The first movement, in its essence, is about youth—confidence. It begins with the voice of fate—the dark and wheezing song of an oboe—foreshadowing and calculating all that will come (this is the first subject group). A woodcutter and his son in their cottage at the edge of the forest; the son wants to venture out into the woods and seek fortune. An allegro non troppo theme in the higher strings—the desire for horizon, to be closer to the sunset—driven by an underlying march (the second subject group). But then the father warns of danger in the forest, and his words recall the unalterable words of fate. They argue, thus the dialectic of the first movement. It ends with a coda, firm, the brass united—the son must go.
Second movement: Love. In ¾ time, a waltz. Not a second dry of tenderness in this movement. The son enters the forest. Between the black columns of the tree trunks he glimpses the princess of the wood—but when he runs to her she shimmers away. Perhaps once my Ira, when you were walking through some street or park you thought you heard someone call out your name behind you, and you turned to look—but it was nothing, after a moment of stillness, you realized that the voice was only wind and imagination. That sensation. So the melody wafts up past the cellos to the violins, then falls, escapes, as he chases her through the forest. And all of this yearning within the waltz, colored by love.
Third movement: Disillusionment, the fastest movement, allegro molto vivace. The princess leads the woodcutter’s son to her palace in the forest. A regal place, attended to by legions of emblazoned guards and knights. An exuberant fanfare on the horns. But it is a trap. The Princess’s father lurks beneath the palace; the sorcerer and king of the forest—a gigantic toad with a lascivious appetite for gems and human blood. A pompous, wicked creature, his supremacy reinforced by the bulk of his fat. Sinister, staccato harmonies undercut the splendor of the fanfare. The son senses danger, and scurries away, mad scuttling across the strings as the horns and trumpets deteriorate into evil.
Fourth movement: Death. Adagio lamentoso.
He cannot escape. The toad king catches him, and curses him with a slow death. Time slows to a somber adagio. Again the oboe, the voice of fate. He struggles fiercely, the strings sing, apassionata, as he clutches onto a tree’s bark and tries to pull himself up, to regain his strength. But he hears fragments of the angel’s requiem between the torments of his fight. His death throes calm. The music descends.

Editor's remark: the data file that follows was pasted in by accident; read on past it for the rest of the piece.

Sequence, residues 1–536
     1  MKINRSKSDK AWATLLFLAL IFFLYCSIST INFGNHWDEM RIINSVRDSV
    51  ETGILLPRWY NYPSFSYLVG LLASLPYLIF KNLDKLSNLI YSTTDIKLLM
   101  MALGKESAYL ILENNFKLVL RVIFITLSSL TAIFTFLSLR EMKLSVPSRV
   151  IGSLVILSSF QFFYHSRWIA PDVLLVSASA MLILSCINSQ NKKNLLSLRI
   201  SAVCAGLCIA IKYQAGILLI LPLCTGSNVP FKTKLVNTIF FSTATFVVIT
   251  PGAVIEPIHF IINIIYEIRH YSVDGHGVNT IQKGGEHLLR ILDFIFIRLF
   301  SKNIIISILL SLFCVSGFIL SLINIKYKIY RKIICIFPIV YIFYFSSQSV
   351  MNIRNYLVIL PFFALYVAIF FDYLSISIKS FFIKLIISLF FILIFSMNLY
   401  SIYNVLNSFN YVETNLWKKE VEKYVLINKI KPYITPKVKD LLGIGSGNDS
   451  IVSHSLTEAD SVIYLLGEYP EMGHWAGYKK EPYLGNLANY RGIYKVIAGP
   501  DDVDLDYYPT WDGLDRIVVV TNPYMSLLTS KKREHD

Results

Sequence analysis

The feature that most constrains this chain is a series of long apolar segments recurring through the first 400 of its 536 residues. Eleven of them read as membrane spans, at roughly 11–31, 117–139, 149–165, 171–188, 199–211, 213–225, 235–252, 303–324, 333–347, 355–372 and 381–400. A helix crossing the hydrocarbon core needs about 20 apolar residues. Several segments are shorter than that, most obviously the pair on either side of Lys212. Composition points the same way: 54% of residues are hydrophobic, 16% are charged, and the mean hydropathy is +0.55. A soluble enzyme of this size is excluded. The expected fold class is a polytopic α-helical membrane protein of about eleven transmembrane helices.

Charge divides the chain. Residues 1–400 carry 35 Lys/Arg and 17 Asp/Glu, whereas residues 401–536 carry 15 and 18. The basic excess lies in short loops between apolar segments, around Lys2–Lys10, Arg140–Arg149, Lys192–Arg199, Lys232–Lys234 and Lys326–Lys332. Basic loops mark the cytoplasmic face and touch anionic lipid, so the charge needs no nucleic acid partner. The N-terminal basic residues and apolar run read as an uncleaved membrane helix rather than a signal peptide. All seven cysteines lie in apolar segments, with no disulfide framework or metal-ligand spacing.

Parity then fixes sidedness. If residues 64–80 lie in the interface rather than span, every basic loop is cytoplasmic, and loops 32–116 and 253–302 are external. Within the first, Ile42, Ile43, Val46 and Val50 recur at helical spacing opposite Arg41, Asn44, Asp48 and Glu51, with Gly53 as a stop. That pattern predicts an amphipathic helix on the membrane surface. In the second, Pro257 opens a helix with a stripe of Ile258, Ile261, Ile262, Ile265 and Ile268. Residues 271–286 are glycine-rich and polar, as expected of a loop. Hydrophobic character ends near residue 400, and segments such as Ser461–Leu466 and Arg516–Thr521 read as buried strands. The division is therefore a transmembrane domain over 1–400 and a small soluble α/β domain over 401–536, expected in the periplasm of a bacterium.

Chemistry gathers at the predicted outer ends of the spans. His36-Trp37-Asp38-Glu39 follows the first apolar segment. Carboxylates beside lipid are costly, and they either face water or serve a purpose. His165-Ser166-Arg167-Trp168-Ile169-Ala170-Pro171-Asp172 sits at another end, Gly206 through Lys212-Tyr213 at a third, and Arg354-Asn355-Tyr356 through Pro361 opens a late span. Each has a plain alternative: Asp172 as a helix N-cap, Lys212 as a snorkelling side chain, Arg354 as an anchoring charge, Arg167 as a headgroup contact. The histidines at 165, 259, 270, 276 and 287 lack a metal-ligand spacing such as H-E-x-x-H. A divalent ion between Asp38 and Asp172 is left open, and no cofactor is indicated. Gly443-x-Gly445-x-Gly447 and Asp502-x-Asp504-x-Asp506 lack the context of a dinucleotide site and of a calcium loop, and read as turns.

The forest, all earthly sights and sounds and smells, fade. Pianissimo. Almost no sound at all.
Three soft beats on the timpani. Silence.
Ira, you are right, this was my best symphony. And I think you know that it was not because of the technical innovations or whatever other brilliant things I did. As the apostle said, “though I speak with the tongues of men and of angels, and have not love, I am become as sounding brass, or a tinkling cymbal.” (1 Corinthians 13)
`As you know, I am on my death bed. The doctor will not let me see anyone, I am, after all, terribly contagious. He has trapped me in my little room. I can see nothing from my window but falling snow, as comforting and blank as the darkness behind my own eyelids.
Nightmares of naked Gods and demons wake me during my sleep; as I return to consciousness I recognize their images as the manifestations of my need to vomit, and I ruin the sheets. All my organs hate each other. The only pleasures I have left are chocolate (the purest and least adulterous of all worldly pleasures) and the Brothers Karamazov. I am not certain if I really consider the second a pleasure. All of the characters are crazy.
I suppose that this will be the last letter I write to you, and that I will never read your response. Ira, I love you more than I have loved any other woman. Without your letters and your support so much of my life would have been desolate. I comfort myself with the thought that you and the others I love will never discover what kind of man you have wasted your kindness on, will never suffer the disgrace of association with a criminal.
I once heard a story about a woman whose son died. One morning, she saw a robin gliding, and, inexplicably, knew that her son had sent the bird from beyond the grave—as a symbol of love. Such stories are common; the bloom of a lilac, the gliss of imaginary notes in the breeze, these may carry the messages of ghosts. If God grants me the power to create such omens once I have gone, I promise you, I will continue our correspondence, forever.

Always faithful,
Timofei Lebedev